Learn how to make a flax egg which is a quick and easy vegan egg substitute. This all natural kitchen hack is fantastic for vegan or egg-free baking!
What are flax eggs?
Whether you or a family member have an egg allergy or are vegan, it can be difficult to say no to so many delicious baked treats that call for eggs.
Many other typical baking ingredients are quite easy to replace. For example, coconut oil can be used instead of butter, or almond (or soy) milk substituted for dairy milk. But eggs can be a little tricky.
There are commercial egg replacement powders available for purchase. Unfortunately, these are usually highly processed. If you are looking for a more wholesome egg substitute for baking, this flax egg recipe might be just right for you.
Flax eggs include a simple mixture of flax meal and water that can be used in many baking recipes to replace chicken eggs. When combined, this mixture becomes gelatinous, similar to the texture of runny egg white. This flax egg mixture can help bind baking ingredients together similar to traditional whole eggs.
How to Make a flax egg
Making flax eggs is as easy as combining 1 tablespoon of flax meal with 3 tablespoons of water. This 1:3 ratio for a flax egg equals about 1 egg.
Whisk the mixture well until combined and let it sit for 5 minutes. Then you are ready to use the flaxseed egg replacement in your recipe. You can also place the mixture in the fridge. This does seem to help the gelling/thickening process.
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How to make flaxseed meal
If you are anything like me, you might not always have ground flaxseed meal at home, but only whole flaxseeds. Often, whole flaxseeds tend to be more inexpensive than ground as well, which is another reason for you to purchase them over the ground meal. They are also more versatile than ground considering that you can grind them into meal yourself or use the whole seeds in crackers or to sprinkle on top of baked bread, oatmeal, or smoothie bowls. Making your own flax meal (also called milled flaxseed or ground flaxseed) is super quick and easy.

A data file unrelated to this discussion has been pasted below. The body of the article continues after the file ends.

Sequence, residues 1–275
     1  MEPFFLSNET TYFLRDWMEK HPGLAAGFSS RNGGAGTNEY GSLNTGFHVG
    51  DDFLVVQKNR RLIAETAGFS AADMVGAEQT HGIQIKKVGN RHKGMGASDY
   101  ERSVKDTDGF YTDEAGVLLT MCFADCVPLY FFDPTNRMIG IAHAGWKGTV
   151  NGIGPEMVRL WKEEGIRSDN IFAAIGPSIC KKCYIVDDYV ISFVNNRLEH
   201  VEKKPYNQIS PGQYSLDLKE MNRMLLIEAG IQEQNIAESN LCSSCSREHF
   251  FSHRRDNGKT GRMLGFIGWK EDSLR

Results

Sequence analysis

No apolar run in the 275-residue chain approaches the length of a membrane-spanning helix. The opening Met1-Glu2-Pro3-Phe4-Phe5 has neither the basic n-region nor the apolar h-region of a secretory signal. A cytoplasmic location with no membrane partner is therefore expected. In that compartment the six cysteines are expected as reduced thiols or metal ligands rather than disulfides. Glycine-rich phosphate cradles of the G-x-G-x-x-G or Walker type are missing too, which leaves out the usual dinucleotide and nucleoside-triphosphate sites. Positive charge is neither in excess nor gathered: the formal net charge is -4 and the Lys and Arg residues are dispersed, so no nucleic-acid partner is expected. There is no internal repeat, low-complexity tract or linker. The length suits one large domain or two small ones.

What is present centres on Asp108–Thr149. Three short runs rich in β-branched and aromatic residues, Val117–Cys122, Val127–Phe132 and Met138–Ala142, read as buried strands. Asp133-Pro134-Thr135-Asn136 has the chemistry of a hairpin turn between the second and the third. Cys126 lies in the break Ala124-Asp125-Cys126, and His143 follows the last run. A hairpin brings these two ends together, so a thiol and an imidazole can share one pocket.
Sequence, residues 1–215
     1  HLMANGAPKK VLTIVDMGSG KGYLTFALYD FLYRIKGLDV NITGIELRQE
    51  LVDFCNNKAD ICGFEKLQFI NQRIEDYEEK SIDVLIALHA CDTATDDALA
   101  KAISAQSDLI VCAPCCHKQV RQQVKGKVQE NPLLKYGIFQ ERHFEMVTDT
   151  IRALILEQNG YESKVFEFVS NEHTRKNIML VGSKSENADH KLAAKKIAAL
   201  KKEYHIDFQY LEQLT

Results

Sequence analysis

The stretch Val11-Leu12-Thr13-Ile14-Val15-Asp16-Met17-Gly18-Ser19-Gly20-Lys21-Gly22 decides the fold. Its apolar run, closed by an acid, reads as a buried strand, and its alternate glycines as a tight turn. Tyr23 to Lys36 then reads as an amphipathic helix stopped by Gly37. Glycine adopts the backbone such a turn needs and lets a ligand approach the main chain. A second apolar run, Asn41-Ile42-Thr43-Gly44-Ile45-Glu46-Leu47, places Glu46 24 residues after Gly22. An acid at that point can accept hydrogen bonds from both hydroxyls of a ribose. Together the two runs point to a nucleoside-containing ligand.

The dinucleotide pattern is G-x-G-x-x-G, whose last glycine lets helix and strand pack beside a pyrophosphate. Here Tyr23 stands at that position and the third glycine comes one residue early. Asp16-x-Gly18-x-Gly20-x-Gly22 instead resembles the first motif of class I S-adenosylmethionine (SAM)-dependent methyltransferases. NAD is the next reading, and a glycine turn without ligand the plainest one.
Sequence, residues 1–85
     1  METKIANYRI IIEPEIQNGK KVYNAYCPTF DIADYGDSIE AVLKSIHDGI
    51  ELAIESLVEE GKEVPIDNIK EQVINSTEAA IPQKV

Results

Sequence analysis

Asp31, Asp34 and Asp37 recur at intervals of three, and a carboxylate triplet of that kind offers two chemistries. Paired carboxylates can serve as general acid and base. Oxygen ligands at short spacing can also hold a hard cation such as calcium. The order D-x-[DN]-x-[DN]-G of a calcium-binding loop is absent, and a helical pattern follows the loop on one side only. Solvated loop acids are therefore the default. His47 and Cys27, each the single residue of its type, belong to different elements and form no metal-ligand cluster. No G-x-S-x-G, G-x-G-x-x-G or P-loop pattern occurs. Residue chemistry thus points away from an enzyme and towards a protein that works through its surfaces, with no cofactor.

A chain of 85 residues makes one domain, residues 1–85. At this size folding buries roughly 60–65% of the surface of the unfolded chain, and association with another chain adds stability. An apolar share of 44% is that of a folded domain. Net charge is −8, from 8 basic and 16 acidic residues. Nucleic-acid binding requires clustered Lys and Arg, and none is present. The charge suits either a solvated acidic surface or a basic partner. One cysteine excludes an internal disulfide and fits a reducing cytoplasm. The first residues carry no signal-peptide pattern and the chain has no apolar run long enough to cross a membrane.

You just need a spice mill or electric coffee grinder. Place a couple of tablespoons of whole flax seeds in the grinder and pulse until the seeds break down into a powdery meal. Don't let the grinder run continuously for too long as that will heat up the flax seeds and release their oils. This mixture could then turn into flax paste very quickly. As a result, only pulse long enough to grind the seeds so that they stay cool and turn into a fluffy flax meal. Be sure to store any leftover ground flax in the freezer to keep it from going rancid. I actually store my whole flax seeds in the freezer for the same reason. Once flaxseeds or flaxseed meal come out of the freezer, you can use them straight away without having to thaw them.
I have also tried to make flax meal in my food processor but that didn't work out at all. The food processor bowl is simply too large and the blade doesn't grind the seeds very well. However, when I want to make a larger batch of flax meal I use my high-speed Blendtec blender with the twister jar and that always turns out well.
I haven't yet tried my Vitamix to grind up flax seeds. Let me know in the comments if you have, and whether it works or not.
How does a flax egg work
Flax seeds can absorb a lot of water and have gelling properties. Water activates that viscoelasticity. When you combine flax meal with water, it forms a congealed mixture that is quite similar to the texture of an egg and perfect in an abundance of vegan recipes.
Do Flax eggs really work?
Instead of asking whether flax eggs actually work, I think the question should be 'when to use flax eggs?' You won't be able to make a vegan omelette from flax eggs, but it is a great egg replacement in baking. And flax eggs also make a great egg substitute for binding meatballs and bean burgers.
From cookies to quick breads and cakes, I've had great success in many recipes with this flax eggs as a replacement for traditional eggs. But be advised though, that while the consistency is very similar to chicken eggs, the replacement is not 100% perfect and might not work in every recipe.